Just a few weeks ago I was running up Bancroft and Telegraph in my cap and gown to claim my masters degree in social work from UC Berkeley’s school of social welfare. I stood in awe of the journey I had been on to find myself in that place. This is a bit of that story…
A few months after my sweet sixteen, I landed a job in a hospital. I worked part-time and on the weekdays you could find me in medical records, and on the weekends I worked in central supply. I am not sure how the teenager in me awakened so early 7-days a week, but there was just something about the hospital that I loved so much. Fast forward to my eighteenth birthday, I had talked my way into an ER job and was officially seeing things that none of my peers could relate too. But working in the ER was thrilling, and I was learning so much about life, suffering, hope, and loss.
Years later at the age of 26, I was working in full-time ministry (which I loved as well), but something was missing… something was calling. I felt the urge to return to the medical field. I was headed towards the route of hospital chaplaincy which I had idolized for years, and began my masters in theology degree at Fuller. I had this idea in my mind of the hospital employee that I wanted to be – someone who wasn’t exactly a chaplain and not so much a nurse… but still someone who was intimately connected to the patients. After so many years of seeing so many things (I always say that my eyes have seen what no eyes should see), I knew that my heart was filled with the passion for patient advocacy, justice, and comfort. And finally, through a longer process than I would have liked, I realized what I could be… a hospital social worker.
I kept this to myself at first as I did months of research narrowing down the best medical social work program I could find. After a while, I knew UC Berkeley was where I was supposed to go. Though when I visited, I found Telegraph horrifying, and the whole city something like what anyone in Orange County thought it would be – there is no word for it upon initial sight. I didn’t want to move to Berkeley and there was nothing for me there, but God’s calling was so overpowering that when I got the call that (this average student) had been accepted to the number one public university in the world, I wasn’t very surprised.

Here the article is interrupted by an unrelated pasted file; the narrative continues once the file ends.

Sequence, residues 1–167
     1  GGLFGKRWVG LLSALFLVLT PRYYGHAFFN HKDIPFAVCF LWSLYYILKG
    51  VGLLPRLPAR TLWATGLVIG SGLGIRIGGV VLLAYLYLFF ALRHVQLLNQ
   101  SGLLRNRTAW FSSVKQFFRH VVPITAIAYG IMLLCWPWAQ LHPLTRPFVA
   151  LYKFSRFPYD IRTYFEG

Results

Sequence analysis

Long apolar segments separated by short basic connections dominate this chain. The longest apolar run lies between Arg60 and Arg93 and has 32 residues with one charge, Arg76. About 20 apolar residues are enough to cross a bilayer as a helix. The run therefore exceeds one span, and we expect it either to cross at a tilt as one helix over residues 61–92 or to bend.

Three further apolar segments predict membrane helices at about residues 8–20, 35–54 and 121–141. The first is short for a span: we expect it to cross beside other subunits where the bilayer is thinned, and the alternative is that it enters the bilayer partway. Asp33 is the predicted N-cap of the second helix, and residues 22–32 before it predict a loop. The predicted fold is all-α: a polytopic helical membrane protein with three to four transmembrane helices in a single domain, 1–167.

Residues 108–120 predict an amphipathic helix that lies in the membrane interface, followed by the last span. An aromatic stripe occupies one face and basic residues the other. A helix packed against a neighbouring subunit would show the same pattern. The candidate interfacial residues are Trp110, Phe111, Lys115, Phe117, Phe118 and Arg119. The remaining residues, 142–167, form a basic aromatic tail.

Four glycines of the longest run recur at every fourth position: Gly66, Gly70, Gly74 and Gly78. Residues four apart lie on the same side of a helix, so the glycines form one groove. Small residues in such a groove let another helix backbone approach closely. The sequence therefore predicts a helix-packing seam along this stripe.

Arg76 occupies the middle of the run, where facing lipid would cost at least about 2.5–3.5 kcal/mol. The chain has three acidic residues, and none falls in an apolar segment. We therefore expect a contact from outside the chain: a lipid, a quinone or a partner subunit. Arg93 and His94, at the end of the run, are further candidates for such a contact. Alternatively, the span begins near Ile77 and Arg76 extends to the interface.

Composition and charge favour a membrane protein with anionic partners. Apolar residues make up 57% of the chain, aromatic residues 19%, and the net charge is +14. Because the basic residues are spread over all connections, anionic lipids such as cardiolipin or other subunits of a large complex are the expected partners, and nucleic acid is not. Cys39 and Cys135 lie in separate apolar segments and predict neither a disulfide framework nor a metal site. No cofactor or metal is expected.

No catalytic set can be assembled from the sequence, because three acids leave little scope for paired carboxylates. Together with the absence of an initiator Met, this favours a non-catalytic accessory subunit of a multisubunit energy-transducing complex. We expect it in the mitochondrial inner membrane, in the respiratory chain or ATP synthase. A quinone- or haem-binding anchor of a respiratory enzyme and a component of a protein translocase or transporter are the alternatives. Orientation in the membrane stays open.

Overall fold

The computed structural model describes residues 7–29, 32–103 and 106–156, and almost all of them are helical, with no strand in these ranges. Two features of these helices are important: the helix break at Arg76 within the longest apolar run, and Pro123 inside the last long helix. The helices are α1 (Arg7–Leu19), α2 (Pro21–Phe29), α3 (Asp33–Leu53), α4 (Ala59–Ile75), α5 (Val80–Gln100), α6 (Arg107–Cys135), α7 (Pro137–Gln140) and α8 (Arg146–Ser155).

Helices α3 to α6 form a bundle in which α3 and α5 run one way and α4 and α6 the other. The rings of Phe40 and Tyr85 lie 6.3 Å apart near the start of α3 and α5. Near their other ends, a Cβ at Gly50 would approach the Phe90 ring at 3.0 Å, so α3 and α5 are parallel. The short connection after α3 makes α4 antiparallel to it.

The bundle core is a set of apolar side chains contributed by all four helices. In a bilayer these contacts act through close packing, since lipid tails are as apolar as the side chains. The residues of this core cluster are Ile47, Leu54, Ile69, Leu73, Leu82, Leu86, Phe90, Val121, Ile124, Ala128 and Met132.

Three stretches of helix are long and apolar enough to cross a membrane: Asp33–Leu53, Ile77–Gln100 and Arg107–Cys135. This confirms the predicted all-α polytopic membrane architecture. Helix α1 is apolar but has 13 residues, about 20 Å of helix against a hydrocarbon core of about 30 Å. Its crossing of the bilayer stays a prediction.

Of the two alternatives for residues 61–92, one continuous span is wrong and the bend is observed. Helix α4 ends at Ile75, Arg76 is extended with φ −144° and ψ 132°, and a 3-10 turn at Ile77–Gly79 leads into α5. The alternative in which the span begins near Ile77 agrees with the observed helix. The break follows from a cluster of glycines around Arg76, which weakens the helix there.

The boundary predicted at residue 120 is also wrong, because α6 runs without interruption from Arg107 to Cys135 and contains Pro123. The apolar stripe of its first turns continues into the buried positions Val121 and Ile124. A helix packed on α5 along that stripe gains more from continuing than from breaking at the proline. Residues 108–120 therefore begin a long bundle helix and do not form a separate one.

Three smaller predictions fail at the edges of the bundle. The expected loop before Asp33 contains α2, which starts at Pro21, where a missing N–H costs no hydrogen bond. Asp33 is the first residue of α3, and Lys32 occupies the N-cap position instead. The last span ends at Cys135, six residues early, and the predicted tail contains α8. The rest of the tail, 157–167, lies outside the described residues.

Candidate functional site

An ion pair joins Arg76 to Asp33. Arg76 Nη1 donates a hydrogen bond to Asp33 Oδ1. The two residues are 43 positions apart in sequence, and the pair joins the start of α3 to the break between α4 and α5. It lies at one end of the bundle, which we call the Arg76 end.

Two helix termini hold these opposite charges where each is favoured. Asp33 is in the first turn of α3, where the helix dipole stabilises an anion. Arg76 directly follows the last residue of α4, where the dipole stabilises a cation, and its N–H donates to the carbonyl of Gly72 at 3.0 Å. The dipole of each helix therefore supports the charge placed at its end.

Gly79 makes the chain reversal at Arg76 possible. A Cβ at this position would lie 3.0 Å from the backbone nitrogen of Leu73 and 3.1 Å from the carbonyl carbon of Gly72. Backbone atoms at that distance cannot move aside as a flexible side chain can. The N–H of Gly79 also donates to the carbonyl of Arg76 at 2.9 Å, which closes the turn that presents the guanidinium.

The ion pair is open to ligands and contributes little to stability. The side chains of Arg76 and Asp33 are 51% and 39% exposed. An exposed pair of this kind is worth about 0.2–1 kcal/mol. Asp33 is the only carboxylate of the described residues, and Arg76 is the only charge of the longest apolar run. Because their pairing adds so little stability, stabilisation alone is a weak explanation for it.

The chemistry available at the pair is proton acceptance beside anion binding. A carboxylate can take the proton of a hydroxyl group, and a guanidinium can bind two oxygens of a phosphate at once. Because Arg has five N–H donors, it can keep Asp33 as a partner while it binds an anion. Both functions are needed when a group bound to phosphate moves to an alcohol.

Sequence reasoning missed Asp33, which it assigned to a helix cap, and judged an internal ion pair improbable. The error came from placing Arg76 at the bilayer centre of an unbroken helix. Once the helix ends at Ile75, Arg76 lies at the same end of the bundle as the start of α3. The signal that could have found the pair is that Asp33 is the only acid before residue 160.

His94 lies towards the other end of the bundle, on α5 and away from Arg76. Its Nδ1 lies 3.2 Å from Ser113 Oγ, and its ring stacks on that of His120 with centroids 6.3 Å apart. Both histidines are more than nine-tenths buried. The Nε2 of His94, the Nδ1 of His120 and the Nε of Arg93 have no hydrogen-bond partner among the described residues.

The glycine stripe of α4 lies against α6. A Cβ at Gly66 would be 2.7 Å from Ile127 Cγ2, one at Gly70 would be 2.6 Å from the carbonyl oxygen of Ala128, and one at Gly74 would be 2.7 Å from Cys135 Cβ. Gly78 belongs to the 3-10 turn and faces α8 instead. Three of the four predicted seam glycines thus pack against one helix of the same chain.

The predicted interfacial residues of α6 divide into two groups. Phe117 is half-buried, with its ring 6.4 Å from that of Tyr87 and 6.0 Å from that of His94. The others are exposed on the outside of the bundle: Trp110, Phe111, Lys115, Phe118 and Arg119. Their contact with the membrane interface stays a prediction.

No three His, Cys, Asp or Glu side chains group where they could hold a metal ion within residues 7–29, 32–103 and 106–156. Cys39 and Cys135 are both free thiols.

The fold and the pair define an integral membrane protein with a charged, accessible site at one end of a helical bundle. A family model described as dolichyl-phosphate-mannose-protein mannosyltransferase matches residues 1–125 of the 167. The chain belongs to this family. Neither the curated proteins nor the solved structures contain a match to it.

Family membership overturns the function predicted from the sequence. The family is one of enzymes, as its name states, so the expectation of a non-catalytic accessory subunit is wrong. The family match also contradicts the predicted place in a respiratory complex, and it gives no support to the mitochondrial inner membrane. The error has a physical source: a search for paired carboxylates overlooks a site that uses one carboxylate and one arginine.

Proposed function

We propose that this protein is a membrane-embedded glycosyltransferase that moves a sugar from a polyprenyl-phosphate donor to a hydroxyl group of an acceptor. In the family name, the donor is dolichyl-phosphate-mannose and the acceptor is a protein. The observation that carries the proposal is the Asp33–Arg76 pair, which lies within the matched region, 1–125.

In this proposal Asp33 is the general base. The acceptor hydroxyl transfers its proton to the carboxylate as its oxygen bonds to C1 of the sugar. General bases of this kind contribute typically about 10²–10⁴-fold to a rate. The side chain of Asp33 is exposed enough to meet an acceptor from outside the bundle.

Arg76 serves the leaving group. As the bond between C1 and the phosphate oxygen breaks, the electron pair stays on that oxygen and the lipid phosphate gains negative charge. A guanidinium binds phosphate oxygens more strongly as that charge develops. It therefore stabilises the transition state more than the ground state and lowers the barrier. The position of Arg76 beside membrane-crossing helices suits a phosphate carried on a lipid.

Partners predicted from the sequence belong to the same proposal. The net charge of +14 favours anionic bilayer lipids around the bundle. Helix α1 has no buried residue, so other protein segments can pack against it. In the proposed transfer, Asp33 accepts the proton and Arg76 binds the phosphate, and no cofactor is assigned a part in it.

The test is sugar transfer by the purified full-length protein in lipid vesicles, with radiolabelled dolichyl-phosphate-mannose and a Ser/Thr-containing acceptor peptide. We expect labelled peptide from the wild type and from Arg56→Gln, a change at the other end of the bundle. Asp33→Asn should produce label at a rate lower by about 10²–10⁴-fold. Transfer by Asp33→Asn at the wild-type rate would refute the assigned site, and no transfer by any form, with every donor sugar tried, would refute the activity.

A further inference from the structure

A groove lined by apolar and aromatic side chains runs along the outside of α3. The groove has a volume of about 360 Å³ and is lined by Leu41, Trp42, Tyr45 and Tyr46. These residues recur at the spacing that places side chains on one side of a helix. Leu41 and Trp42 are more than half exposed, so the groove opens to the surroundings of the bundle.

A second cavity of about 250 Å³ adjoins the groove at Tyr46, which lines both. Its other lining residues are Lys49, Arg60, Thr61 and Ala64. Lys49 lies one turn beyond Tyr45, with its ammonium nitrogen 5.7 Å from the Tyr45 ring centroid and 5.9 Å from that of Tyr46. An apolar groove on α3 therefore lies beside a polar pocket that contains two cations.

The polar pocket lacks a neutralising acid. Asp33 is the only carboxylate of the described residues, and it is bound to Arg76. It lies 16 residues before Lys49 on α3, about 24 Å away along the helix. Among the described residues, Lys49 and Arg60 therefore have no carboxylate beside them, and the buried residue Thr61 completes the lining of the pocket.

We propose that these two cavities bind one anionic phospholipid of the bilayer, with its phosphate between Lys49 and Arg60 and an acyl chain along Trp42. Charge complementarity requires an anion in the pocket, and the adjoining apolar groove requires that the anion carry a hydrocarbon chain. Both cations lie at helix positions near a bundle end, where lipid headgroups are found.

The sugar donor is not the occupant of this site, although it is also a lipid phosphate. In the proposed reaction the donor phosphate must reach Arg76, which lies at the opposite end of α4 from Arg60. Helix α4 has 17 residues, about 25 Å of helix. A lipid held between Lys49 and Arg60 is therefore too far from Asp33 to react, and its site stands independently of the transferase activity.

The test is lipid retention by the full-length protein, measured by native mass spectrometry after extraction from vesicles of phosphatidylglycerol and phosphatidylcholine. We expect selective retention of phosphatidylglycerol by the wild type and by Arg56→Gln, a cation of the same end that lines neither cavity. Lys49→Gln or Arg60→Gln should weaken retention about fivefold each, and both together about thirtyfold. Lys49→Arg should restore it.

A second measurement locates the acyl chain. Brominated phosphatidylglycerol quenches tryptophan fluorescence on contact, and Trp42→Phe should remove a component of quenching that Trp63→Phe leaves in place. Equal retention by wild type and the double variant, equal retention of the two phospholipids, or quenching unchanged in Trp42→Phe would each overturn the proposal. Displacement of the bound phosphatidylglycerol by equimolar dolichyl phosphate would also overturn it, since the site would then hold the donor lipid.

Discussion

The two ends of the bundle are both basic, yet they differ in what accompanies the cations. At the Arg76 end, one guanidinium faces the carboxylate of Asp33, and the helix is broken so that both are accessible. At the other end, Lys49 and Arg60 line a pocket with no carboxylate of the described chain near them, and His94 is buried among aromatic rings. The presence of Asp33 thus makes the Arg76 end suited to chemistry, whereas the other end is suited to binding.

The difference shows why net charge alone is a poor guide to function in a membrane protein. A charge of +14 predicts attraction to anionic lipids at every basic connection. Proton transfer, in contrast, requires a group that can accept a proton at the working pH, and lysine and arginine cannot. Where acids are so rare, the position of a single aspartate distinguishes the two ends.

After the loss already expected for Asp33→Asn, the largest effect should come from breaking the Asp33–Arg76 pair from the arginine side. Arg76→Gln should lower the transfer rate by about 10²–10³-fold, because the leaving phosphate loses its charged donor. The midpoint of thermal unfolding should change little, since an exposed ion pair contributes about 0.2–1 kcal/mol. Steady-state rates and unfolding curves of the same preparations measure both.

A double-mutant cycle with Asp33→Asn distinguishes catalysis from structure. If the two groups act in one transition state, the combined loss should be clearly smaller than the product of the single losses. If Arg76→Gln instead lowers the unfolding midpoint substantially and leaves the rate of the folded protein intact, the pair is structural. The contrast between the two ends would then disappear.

So I sprung from my nice and comfortable bubble and traveled into the “most liberal city” in the world. I won’t lie, the culture shock was more difficult to deal with than I expected. Surrounding me was the most diverse population I had ever come in contact with. And I am not sure what I was thinking when I begged my graduate advisor to let me intern my first year at Oakland’s county medical center. I will never forget my interview with my potential supervisor. She looked at me and said, “Okay, well you’re White… and there aren’t many White people here… are you sure you want to work here?” Of course my “White” bubbly self exclaimed, “yes!” And thank God I did because that is where I finally learned what “social justice” and “racial reconciliation” really meant (but that’s for another blog).
Over these past two years I have been privileged enough to work at different hospitals with homeless persons, victims of violence, children and adults with cancer, families who lost loved ones, and the newly and long-standing disabled. I have called insurance companies, paged countless doctors, and have labored over Internet searches as I have given my all to advocate for patients. I have held the hands of strangers, comforted the traumatized nurse, and sat with the dying who had no one else in the world. And then, my internship ended… and I got hired. How am I getting paid to do these things?!
I am tearful as I write this, because saying all of this is not to pat me on the back, but it is all to glorify and thank the God who created me to be this person. Many people say to me, “Oh, I could never do what you do.” And you know what, I believe them. I don’t think they could do what I do either. Because God has created me to do it.
As I walked across that stage to receive my diploma this past May, so many things went through my mind. I was thankful for the privilege of receiving an education in something that I love and am passionate about. I was thankful that I was celebrating 10 years of being a Christ follower, and that he led me to this wonderful city of Berkeley that I now love immensely. And I prayed… I prayed for you. That you too may find what God has created you to do, and that you may live out that life, all for the glory of God.